You’re looking to start over in a new town, but you’re not sure where to move. As a budget-minded person, you want to choose somewhere that checks your main boxes — i.e., city vs. country, warm vs. cold climate — that you can also afford.
The cost of living in your desired new town is a must because a dollar doesn’t stretch nearly as far in some areas as others. For example, the median gross rent in Los Angeles is $1,523 per month, but it’s nearly half that at $735 per month in Cleveland, according to the U.S. Census Bureau.
This is especially important if you’re an entrepreneur or are planning to keep your current remote job, as your salary won’t necessarily be adjusted to match the cost of living in your new area.
If you’re thinking about buying a new home before moving to your new town or shortly after, it’s important to make sure you can actually afford to do so. Online mortgage calculators aren’t always accurate, so it’s best to contact a professional.
“Before you proceed with anything at all, you should talk with a lending institution to find out the amount they are ready to lend you and the conditions,” said Elena Jones, a former financial coach and co-founder of FinanceJar.
She said most lenders will require you to commit no more than 31% of your income to housing costs.
“Your debt burden is the subsequent factor they take into account,” she said. “This would include any monthly liabilities, like a car loan, college loans, lines of credit, cash advances and others.”
Another factor to consider if you’re thinking about purchasing a home in your new town, property taxes can seriously increase your monthly payment.
“Property tax rates can vary widely, even among towns that share a common school district,” said Jeremy Bohne, financial advisor and founder of Paceline Wealth Management, based in Boston. “In one instance — [from his personal experience] one was 50% higher than the other.”
He said this is a very important cost to consider because it can mean your budget in one town will not be the same as a nearby town with a higher property tax rate.
“Property tax costs pulled from an online listing are not a reliable indicator of actual cost when housing costs are soaring,” he said. “This is because the value of the home will be reassessed — the following year typically — at which point they will jump dramatically.”
He said it’s also important to remember your property tax bill is something you’ll be responsible for paying every year you own the home.
“Unlike a mortgage, you can’t permanently pay off property taxes,” he said. “They track the value of your home, so they will never end, and actually increase in the long term as home values typically do.”
State and Local Taxes
Another expense that’s often overlooked is state and local taxes, said Philip Mock, CFA, CFP ®, CPA, founder of 1522 Financial, based in Tulsa, Oklahoma.
“Each state has a different income tax rate, and several have no income tax,” he said. “Others have a relatively high tax rate.”
While not too common, he said some cities and counties also have their own income taxes. Specifically, 17 states and the District of Columbia allow cities, counties and municipalities to impose separate individual income taxes, in addition to state income taxes.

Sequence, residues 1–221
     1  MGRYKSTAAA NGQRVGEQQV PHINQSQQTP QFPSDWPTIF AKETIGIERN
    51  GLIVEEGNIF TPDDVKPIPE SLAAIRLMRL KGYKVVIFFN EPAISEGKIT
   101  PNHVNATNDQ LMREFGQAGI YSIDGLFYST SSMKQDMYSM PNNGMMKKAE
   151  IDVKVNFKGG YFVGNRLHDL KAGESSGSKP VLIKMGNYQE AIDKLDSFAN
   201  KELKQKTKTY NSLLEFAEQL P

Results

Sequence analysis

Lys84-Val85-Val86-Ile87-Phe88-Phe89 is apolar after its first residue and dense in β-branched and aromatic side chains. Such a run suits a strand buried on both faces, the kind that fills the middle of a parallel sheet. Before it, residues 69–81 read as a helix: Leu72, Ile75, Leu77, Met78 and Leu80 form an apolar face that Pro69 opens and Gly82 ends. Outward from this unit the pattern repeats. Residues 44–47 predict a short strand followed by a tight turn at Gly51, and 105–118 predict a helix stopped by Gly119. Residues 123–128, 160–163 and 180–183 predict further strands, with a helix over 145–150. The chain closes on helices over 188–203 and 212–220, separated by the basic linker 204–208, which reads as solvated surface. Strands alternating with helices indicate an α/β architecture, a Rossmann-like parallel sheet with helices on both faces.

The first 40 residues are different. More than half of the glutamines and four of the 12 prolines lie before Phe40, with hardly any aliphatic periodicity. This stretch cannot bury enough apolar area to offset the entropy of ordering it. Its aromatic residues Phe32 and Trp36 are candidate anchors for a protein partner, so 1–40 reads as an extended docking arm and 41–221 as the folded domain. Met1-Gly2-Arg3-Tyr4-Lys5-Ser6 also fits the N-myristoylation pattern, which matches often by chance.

For example, the Indiana individual adjusted gross income tax rate is 3.23%. Additionally, Detroit’s income tax rate for residents is 2.4% and 1.2% for nonresidents.
Miscellaneous Living Expenses
“I think one of the best ways to research cost of living is to go for a test drive,” said Robert Persichitte, CPA, CFP®, CFE financial planner and founder of Delagify Financial, based in Arvada, Colorado. “Take a vacation where you are thinking about moving and pay close attention to what everything costs.”
If you know someone who already lives in the area, he recommended using them as a resource.
“Ask friend who live there about their pain points to see how something feels,” he said. “Take a drive during the morning commute. It’s more accurate than any list and can help you make your decision.”
He said if you don’t properly research an area, you might incur some expensive surprises.
“I have some clients moving to Crestone, Colorado — a remote mountain town,” he said. “Land costs and taxes are cheap there, but they make up for it with construction and grocery costs — she paid $8 for a gallon of milk.”
If you determine the cost of living in your desired new hometown is higher than expected, Persichitte said you can still try to make it work.
“Even if a place is expensive, ask your employer for a pay bump, and decide if it’s worth it to live there,” he said. “Where I live is expensive — halfway between Denver and Boulder, Colorado — but the view alone is worth it.”
To save money in a pricey area, Mock suggested increasing your use of ride-sharing or public transportation. He said you could also get a second job or a side gig.
You also might consider purchasing or renting a smaller home than you currently have, taking on a roommate or cutting frivolous expenses that don’t really add value to your life. Conducting careful research and creating a budget before your move will help you find a new hometown you can both enjoy and afford.
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